Thursday, October 06, 2011
From a Diary I:iv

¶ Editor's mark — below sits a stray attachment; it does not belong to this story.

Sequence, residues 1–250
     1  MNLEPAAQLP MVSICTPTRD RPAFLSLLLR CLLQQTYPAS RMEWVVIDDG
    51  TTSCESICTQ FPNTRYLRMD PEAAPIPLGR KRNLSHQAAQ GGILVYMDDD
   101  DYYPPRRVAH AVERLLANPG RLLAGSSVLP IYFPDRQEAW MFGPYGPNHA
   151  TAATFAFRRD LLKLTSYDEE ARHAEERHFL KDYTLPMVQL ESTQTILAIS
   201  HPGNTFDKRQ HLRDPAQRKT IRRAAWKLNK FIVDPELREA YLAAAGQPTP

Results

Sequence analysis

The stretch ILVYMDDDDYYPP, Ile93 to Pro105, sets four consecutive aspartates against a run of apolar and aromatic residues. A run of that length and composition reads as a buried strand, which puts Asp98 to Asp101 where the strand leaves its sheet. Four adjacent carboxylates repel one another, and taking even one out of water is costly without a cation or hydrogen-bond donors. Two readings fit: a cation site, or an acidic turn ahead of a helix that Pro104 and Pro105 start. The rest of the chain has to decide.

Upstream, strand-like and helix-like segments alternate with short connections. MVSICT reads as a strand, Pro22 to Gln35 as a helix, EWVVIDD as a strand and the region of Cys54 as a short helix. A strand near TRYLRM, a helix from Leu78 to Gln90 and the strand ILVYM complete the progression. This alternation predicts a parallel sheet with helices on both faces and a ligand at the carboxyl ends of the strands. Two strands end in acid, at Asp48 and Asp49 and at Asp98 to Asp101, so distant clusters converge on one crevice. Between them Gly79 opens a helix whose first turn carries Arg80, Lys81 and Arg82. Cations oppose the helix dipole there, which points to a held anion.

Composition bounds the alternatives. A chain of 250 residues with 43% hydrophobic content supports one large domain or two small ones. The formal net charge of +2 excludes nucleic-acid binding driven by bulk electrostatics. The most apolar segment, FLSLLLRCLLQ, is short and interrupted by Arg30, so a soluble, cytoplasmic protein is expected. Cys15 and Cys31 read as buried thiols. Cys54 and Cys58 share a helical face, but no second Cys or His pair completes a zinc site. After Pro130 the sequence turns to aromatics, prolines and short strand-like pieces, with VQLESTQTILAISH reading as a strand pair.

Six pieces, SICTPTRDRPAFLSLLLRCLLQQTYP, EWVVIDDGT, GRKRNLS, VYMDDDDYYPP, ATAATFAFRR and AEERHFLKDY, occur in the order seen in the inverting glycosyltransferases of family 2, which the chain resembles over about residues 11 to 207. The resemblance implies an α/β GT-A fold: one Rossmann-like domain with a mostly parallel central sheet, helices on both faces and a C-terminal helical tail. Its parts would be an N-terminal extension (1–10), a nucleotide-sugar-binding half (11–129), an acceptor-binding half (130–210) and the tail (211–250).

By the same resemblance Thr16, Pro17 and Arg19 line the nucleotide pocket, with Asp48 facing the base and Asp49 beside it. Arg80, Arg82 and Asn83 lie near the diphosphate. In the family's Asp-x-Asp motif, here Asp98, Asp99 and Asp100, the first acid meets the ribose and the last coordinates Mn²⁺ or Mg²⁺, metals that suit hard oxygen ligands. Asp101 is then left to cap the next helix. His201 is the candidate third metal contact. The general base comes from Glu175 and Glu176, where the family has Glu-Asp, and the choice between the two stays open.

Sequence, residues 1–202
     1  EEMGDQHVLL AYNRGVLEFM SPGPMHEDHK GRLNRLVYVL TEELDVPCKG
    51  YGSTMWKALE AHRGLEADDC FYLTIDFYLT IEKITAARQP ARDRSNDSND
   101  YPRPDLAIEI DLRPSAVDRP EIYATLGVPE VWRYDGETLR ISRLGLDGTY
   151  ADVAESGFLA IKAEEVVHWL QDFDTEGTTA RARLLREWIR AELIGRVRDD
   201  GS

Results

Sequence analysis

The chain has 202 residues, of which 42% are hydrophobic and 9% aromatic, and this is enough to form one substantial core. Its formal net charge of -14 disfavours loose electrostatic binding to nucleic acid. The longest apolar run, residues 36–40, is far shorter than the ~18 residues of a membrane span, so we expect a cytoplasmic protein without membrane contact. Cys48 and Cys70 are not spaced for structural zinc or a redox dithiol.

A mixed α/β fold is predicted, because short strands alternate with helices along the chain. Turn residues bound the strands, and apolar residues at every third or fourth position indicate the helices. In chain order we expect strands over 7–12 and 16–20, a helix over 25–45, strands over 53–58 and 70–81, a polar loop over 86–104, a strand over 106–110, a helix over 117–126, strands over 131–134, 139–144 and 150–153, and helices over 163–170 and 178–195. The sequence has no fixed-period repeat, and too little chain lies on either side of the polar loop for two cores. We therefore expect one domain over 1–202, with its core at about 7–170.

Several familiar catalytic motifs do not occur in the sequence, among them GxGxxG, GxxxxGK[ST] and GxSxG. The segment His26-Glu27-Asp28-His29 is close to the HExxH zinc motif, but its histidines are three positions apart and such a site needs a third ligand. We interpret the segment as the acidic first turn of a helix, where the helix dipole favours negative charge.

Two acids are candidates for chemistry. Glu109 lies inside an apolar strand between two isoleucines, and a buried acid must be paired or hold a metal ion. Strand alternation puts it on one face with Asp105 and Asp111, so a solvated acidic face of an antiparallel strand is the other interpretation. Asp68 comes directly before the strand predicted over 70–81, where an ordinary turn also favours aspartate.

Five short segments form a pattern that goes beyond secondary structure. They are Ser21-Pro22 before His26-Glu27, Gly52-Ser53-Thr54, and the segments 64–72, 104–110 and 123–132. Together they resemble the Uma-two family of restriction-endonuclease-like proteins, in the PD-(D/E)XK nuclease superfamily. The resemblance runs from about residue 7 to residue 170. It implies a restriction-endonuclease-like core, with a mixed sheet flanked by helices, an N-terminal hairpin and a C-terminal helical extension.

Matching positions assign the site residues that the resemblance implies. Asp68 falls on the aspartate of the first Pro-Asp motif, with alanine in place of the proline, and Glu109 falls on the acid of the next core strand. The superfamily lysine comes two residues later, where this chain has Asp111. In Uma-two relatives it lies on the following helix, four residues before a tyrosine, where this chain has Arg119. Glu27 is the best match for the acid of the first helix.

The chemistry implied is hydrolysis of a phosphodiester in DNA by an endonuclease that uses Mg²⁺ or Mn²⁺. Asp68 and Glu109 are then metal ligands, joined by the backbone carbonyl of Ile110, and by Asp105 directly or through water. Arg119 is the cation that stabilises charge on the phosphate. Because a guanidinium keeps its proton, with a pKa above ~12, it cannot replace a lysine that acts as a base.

Life in the archipelago. There have always been differences, controversies, feuds, even, among musicians, composers in particular. These differences can have a productive effect, especially when it concerns aesthetics, styles, or technique (e.g. Artusi and Galilei), but too often they are counterproductive turf wars over the modest resources, rewards, and spoils our micro-economy has on offer. My sense is that, over the last forty years or so, disputes of the former sort — over musical issues — have become less heated and less salient except as fronts or proxies for the musically unproductive material disputes (our mad battles for crumbs) of the latter sort. (Thus a label like experimentalist or complexist or traditionalist or technologist or whatever can become, when dolling out prizes or positions, a cover for nepotistic or tactical awarding.) In general, while The New Music could once be divided into a manageably small number of factions, and composers, musicians, and audiences could keep aware of the major genres, styles and ideas floating around, the situation now is more like an archipelago — computer people here, circuit bender and hardware hackers there, analog synthies over there, noisy folk right here, pen and paper holders to the east, software engravers ot the west, bands, choirs, big bands, school orchestra composers in that direction, grown-up orchestra people to the left, opera people to the right, "new opera" people somewhere in the middle, composers with your own ensembles go find an island or get a raft!... — with lines of communication not always as clear as one would expect, sometimes due to chance or habit, sometimes to protective territorial instincts. My sense is that things are much more amiable between factions since we've moved to the islands, but this has come at the cost of some decline in the productive exchange of musical goods and ideas.